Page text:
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New research in mice finds links between a Western diet and cognitive decline. Catherine Falls Commercial/Getty Images
  • Researchers examine the role of a Western diet in cognitive decline and neurodegenerative issues in mice.
  • Previous research has shown a connection between poor diet and obesity and Alzheimer’s disease.
  • The new research in rodents may point to a mechanism behind this, which scientists could use to develop potential therapies for treating neurodegenerative disorders.

Over the past few years, studies on a typical Western diet have linked it to adverse reactions in the body, including prostate cancer, sepsis, and chronic gut infections.

A new study suggests that a Western diet may have a negative effect on the brain, leading to cognitive decline and neurodegenerative issues. The researchers believe their findings may offer potential therapies for the treatment of neurodegenerative disorders, such as Alzheimer’s disease.

The study appears in the journal iScience.

Neurodegenerative disorders include a variety of conditions resulting from loss of structure and function of the central or peripheral nervous system. The two most common neurodegenerative disorders are Alzheimer’s disease and Parkinson’s disease.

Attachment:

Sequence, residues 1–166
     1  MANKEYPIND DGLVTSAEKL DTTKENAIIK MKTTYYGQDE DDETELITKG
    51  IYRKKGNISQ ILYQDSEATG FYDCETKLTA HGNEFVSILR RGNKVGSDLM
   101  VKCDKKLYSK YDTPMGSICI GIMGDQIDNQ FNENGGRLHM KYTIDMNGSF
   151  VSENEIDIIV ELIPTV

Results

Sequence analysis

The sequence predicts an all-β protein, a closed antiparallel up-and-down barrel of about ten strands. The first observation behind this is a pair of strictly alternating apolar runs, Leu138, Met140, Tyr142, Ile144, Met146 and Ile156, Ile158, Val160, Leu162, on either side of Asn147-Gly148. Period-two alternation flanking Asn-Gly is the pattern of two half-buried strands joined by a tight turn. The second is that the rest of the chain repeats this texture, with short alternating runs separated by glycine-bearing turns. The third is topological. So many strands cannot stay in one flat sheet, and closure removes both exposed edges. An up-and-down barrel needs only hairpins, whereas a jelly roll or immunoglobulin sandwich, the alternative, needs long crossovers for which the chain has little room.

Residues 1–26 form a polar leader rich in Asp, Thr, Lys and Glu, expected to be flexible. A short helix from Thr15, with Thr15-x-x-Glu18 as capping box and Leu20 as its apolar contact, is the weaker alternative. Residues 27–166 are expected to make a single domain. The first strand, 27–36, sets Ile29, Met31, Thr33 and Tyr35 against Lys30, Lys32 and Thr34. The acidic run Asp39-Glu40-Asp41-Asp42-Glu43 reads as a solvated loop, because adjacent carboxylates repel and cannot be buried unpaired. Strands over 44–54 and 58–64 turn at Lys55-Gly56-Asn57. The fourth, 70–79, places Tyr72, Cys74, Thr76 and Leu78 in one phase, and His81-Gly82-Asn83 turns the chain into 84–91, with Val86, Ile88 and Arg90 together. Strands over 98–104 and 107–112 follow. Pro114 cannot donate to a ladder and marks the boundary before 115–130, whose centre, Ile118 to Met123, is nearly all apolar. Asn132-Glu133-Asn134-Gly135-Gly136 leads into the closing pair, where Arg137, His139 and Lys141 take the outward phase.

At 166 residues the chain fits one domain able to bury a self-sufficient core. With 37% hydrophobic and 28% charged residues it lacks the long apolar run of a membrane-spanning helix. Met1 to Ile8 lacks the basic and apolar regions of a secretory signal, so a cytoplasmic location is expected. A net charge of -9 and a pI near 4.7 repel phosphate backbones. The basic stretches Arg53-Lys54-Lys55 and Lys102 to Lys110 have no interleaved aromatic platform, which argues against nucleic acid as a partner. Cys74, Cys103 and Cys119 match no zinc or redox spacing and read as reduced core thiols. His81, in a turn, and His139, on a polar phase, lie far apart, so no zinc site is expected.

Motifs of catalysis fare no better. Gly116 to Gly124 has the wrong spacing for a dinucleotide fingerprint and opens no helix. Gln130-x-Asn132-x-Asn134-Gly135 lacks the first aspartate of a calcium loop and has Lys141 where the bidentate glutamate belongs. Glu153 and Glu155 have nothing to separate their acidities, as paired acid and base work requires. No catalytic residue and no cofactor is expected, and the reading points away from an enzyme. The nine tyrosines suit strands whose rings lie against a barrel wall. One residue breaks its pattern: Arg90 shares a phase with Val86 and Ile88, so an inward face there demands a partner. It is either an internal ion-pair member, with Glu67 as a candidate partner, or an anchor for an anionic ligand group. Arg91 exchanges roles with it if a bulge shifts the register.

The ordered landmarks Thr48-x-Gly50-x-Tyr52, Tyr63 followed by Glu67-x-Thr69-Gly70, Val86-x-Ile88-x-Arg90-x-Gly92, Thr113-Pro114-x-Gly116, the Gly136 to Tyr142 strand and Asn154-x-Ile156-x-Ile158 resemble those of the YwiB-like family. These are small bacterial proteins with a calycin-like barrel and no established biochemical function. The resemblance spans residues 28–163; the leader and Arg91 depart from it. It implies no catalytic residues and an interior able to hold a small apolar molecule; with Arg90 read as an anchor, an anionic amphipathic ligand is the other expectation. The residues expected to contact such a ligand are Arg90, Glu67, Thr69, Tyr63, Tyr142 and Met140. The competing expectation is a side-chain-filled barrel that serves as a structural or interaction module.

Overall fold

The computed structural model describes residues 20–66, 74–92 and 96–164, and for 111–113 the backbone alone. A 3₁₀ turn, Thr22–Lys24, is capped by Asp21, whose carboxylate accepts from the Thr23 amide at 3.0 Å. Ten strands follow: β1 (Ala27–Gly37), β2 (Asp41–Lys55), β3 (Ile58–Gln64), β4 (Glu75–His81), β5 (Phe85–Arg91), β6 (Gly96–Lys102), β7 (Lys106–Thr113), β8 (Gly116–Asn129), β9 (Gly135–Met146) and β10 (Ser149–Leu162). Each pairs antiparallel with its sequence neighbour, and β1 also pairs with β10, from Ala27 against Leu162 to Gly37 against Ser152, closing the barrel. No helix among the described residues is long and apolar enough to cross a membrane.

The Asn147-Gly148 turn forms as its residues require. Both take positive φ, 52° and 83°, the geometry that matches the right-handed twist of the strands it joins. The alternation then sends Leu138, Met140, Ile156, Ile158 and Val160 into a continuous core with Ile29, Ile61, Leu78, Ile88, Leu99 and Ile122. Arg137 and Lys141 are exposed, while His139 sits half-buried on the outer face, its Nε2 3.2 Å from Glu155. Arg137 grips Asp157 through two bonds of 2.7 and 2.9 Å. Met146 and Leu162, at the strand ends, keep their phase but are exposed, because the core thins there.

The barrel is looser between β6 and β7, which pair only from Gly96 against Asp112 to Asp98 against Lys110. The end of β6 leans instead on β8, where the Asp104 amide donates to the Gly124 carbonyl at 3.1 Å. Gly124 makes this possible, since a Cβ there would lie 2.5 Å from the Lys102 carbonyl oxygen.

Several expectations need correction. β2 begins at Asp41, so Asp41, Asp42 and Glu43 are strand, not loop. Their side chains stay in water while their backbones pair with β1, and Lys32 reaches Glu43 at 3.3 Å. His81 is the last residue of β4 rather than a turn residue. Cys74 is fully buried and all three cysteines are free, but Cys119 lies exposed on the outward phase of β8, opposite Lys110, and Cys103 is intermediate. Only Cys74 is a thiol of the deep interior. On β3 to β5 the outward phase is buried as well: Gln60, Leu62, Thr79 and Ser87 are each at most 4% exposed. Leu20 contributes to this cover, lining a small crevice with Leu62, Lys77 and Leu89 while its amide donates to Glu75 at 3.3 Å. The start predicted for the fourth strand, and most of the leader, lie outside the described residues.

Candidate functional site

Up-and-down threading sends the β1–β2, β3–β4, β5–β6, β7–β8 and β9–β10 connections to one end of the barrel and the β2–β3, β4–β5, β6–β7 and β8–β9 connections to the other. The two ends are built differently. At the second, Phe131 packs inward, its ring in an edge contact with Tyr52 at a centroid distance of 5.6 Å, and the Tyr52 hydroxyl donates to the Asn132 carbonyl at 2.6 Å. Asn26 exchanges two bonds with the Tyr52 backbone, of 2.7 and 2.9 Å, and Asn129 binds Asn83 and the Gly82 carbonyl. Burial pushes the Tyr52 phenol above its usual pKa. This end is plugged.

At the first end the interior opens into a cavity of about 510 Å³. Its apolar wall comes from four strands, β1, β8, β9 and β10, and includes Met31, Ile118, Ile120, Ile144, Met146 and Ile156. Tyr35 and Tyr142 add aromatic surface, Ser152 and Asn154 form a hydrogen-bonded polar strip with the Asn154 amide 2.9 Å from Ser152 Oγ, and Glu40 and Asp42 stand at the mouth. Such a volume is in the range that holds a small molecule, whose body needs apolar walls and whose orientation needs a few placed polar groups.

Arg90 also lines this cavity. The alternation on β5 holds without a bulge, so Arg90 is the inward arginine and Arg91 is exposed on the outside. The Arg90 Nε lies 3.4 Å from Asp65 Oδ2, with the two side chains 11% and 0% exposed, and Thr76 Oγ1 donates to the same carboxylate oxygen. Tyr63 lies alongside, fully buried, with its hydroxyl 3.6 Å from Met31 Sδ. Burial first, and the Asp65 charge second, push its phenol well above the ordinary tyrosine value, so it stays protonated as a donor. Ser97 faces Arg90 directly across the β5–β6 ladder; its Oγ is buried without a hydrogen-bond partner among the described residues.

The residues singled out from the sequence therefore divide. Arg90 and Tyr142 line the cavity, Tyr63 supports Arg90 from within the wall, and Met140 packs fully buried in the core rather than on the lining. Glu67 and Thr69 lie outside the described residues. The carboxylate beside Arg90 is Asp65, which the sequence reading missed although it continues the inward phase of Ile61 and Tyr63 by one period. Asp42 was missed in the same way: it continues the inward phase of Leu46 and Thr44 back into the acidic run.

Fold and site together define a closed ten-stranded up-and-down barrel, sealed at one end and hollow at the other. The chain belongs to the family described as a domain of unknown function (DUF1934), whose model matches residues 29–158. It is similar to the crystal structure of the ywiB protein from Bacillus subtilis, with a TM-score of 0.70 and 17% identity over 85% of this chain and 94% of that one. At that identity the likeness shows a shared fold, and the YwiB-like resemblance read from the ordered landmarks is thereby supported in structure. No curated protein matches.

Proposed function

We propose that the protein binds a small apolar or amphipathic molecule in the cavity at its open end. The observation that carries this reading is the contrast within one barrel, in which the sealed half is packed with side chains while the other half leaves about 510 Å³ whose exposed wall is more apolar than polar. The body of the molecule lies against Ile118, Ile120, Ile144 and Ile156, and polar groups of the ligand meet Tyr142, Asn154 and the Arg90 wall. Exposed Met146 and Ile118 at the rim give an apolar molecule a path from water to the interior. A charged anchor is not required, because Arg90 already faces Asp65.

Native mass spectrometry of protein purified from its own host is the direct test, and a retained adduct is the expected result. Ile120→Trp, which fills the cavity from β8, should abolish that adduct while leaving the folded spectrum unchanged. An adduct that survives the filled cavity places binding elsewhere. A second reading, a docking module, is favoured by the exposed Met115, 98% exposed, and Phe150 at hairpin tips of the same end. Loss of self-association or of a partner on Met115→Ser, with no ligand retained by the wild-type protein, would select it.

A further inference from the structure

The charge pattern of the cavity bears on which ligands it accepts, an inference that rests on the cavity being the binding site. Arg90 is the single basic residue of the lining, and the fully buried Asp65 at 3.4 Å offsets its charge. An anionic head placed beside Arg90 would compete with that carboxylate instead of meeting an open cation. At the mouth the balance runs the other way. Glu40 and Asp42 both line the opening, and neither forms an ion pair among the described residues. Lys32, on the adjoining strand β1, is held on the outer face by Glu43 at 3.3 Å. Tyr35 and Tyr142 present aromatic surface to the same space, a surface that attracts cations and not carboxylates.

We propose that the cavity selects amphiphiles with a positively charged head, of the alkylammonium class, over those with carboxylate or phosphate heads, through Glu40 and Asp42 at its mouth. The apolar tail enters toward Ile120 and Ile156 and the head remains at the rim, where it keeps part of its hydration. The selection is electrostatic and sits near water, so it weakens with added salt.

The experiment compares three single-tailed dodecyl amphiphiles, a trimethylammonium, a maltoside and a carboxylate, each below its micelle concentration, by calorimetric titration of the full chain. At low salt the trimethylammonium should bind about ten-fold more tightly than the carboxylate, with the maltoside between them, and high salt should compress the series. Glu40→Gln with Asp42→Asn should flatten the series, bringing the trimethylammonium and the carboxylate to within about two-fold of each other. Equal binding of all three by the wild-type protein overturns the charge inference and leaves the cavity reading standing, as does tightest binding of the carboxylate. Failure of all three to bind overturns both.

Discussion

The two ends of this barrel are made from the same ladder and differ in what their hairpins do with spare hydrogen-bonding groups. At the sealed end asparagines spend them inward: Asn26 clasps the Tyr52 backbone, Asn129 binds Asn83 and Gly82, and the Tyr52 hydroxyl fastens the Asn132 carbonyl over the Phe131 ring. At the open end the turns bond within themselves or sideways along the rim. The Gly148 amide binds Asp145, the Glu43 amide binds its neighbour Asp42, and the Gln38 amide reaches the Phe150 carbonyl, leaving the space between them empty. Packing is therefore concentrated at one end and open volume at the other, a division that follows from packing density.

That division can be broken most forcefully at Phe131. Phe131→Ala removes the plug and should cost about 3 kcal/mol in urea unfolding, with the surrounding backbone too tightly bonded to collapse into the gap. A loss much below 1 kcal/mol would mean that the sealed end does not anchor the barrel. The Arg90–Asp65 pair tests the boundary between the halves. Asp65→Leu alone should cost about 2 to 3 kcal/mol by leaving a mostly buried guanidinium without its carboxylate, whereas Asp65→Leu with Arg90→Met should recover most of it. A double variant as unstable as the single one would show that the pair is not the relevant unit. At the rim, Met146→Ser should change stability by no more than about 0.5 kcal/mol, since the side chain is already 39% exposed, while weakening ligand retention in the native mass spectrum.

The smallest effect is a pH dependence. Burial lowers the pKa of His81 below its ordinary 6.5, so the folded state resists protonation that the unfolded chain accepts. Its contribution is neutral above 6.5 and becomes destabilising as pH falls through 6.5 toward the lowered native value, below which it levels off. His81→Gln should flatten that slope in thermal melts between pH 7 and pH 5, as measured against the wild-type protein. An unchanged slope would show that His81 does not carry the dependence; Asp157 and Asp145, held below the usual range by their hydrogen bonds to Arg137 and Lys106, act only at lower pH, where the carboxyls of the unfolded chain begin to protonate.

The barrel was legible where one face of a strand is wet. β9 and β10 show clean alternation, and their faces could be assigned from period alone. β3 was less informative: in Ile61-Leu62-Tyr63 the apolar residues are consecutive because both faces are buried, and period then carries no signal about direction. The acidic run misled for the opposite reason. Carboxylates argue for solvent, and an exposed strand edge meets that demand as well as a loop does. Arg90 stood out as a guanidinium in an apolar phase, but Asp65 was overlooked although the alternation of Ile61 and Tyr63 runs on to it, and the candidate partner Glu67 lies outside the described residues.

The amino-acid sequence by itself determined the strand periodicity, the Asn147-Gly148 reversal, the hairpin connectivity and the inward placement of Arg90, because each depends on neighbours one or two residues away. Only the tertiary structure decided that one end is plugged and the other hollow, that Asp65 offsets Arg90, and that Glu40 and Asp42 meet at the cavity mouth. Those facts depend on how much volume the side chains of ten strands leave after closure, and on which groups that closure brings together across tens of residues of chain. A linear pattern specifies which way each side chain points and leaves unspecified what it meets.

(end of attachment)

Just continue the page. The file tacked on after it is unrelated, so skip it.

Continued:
According to the Alzheimer’s Association (AA), more than 6 million adults in the United States have the condition, and the Parkinson’s Foundation states that about 1 million people in the U.S. have Parkinson’s disease.

Previous research shows that the impact of obesity and a poor diet can increase a person’s risk of developing a neurodegenerative condition, such as Alzheimer’s disease.

Another study earlier this year found that preventing obesity earlier in life through a healthier diet could delay or prevent Alzheimer’s disease.

A typical Western diet, which health experts also refer to as the Standard American Diet, usually includes greater amounts of food with higher calorie and fat percentages and lower nutritional value.

In a previous study, researchers from the Marshall University Joan C. Edwards School of Medicine (Edwards) in Huntington, WV, pinpointed a peptide called NaKtide as a way to block signals from the cellular sodium-potassium pump called Na,K-ATPase. By blocking the signal, the study authors lowered obesity growth in mice fed a high fat diet.

The present research suggests that a Western diet creates cognitive decline and neurodegeneration through increased Na,K-ATPase signaling in adipocytes, or fat cells.

When the researchers hindered the Na,K-ATPase signal through the use of NaKtide in those fat cells, they found it halted the adverse effects the Western diet had on the brain, especially the hippocampus, which plays a vital role in learning and long-term memory.

In the study, the researchers used a gene-altered mouse model. They fed the mice either a normal diet or a Western type diet for 12 weeks. They also gave the mice the antibiotic doxycycline to activate NaKtide in the fat cells.